With the advent of artificial intelligence technology and its application in solving some of the most complex challenges of companies and industries around the world, it was only a matter of time before this state-of-the-art tech was applied to the healthcare revenue cycle as well.
The writing is certainly on the wall. According to Accenture, 68% of healthcare executives predict that every employee in their organization will have access to a team of AI-enabled bots designed to help them get their day-to-day work done more quickly and efficiently. When do those execs believe this futuristic scenario will come true? As early as 2022, respondents said.
That may sound somewhat fantastical, but the potential for AI to make big waves in the healthcare industry is already well-established. In 2019, the Brookings Institute found that 40% of healthcare support tasks are ripe for automation, as well as a full third of "tasks performed by healthcare practitioners and technical occupations." In the past year alone, numerous startups have sprung up to try to automate a medley of tasks throughout the industry, with mixed success.
If we're going to be successful in bringing automation to the healthcare industry, with its many unique challenges, restrictions, and regulations, we'll need to leverage tools and technologies that can learn and adapt over time. To do that, we'll need AI.
What is AI, anyway?
Though AI has very specific, technical definitions within the field of software engineering, in the popular sphere it's largely become a buzzword. This presents a challenge when it comes to communicating the massive potential for AI to transform the healthcare industry from the ground up. A recent report by the Healthcare Financial Management Association (HFMA) helps to drive this point home. “Even with a projected annual savings of $15 billion for the U.S. healthcare economy by 2026,” they wrote, “AI remains a misunderstood technology.” Given that, it's probably best to sum up at least the basics of how artificial intelligence works.
In essence, AI can be thought of as any technology that replicates human decisionmaking, is capable of "learning" over time, and can be used to execute tasks that previously needed to be done by a human. AI is able to learn and adapt from the information it receives, synthesizing data and making decisions in ways that can replicate or even surpass a human's ability to do so. It's capable of doing so not only in areas that require simple, highly repetitive tasks, but also in areas that require some semblance of human intuition, decisionmaking and judgment -- and it doesn't experience fatigue or start to make sloppy errors.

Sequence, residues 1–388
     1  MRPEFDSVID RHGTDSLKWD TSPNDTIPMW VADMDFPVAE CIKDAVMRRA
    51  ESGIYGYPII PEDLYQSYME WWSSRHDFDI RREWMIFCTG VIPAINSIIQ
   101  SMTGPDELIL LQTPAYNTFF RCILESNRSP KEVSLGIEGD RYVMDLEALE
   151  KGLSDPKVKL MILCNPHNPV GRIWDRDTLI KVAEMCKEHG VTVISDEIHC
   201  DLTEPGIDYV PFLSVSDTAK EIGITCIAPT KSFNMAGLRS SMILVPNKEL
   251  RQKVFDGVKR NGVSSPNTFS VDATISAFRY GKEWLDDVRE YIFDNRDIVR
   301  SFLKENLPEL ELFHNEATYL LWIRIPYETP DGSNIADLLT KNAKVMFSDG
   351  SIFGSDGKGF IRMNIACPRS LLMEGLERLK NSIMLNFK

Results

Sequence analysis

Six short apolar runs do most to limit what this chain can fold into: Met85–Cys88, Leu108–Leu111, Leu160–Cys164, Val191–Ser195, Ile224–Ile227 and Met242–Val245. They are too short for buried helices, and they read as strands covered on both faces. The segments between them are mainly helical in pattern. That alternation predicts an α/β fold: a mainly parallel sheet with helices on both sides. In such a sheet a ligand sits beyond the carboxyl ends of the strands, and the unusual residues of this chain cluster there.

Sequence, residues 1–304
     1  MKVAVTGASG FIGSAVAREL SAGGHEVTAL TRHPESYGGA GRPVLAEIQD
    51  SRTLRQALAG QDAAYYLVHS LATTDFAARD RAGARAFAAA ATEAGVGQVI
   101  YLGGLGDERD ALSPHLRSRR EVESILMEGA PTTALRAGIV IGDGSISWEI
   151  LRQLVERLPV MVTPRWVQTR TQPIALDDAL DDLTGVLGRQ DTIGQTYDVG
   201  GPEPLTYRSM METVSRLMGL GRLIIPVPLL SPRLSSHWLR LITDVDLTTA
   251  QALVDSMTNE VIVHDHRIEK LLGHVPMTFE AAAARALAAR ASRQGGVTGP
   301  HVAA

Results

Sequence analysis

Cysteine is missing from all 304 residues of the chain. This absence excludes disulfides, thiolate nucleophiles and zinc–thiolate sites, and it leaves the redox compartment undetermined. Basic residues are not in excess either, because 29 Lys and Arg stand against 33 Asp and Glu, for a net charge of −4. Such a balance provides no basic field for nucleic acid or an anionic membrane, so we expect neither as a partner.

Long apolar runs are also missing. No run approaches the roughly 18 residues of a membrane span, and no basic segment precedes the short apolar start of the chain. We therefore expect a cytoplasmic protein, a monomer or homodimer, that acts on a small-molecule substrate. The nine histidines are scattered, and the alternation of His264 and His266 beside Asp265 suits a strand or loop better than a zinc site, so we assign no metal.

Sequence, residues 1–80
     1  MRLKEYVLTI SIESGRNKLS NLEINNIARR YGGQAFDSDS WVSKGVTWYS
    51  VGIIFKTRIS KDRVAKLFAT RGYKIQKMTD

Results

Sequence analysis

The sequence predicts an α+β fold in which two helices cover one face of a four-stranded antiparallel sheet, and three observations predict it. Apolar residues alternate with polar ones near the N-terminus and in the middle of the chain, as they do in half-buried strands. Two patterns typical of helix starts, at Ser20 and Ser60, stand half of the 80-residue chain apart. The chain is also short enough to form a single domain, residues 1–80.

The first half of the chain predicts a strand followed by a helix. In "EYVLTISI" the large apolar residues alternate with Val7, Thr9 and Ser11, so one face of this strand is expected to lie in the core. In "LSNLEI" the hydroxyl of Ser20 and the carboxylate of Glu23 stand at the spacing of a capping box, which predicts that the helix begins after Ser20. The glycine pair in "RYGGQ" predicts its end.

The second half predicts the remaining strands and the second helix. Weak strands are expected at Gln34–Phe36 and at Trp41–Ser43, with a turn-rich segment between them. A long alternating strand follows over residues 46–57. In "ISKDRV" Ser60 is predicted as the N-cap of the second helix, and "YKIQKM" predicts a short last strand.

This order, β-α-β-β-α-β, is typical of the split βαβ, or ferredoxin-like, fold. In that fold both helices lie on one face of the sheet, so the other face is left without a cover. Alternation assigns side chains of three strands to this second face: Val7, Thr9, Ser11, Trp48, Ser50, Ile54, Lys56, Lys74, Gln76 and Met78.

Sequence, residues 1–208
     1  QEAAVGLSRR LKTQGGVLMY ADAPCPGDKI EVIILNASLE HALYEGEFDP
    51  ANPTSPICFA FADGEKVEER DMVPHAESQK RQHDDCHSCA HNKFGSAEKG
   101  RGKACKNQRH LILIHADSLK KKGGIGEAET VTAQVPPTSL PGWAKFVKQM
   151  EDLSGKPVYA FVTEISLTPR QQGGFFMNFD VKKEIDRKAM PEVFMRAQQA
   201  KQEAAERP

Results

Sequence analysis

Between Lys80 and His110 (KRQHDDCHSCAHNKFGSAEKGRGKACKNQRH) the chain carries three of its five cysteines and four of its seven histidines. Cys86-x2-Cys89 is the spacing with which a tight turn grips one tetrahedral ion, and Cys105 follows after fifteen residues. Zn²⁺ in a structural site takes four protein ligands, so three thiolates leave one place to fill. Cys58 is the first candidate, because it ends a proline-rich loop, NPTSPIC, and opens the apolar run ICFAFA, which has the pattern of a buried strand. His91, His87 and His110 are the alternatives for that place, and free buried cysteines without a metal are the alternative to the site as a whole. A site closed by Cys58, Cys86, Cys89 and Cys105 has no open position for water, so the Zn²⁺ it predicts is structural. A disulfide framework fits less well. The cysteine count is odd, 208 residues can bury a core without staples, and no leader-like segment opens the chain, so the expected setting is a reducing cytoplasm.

There are numerous areas of healthcare that are ripe for automation using some of these technologies that are often referred to as AI. I’ve gathered together a handful of them here to give you an idea of the scale of progress that is possible.
1. Appointment scheduling
How it works: Rather than calling to make appointments, AI appointment scheduling can provide online booking and identify best available times, eliminating the need for human employees to spend time on this mundane task.
How it works: Without AI, you have to call the insurance company directly, or else connect with them on the web. With AI, this process can be automated, instant and accurate — saving untold hours’ in employee labor alone.
How it works: AI transcription can help reduce the burden on burnt-out physicians by simplifying dictation and reducing the effort needed to document patient interactions. In this way, AI can serve as an assistant to physicians and help relieve them of administrative tasks so that they can better focus on their patients.
How it works: AI-enabled systems can improve the efficiency and effectiveness of ever-scarcer coding resources by automatically coding a majority of routine charts and sending them directly to billing, without any need for human interaction or oversight.
The trajectory of this move to automate healthcare using AI is clear. As these initiatives start to take hold, the industry as a whole will become more accurate, more efficient and less costly — both for hospital and patient alike. The ability for AI-augmented solutions to acquire data in real-time from multiple hospital information flows — including but not limited to electronic health records, emergency department admissions, equipment utilization, staffing levels, and more — and to interpret and analyze that data in meaningful ways will enable a wide range of efficiency and care enhancing capabilities.
From there, the possibilities are, as many have observed, endless.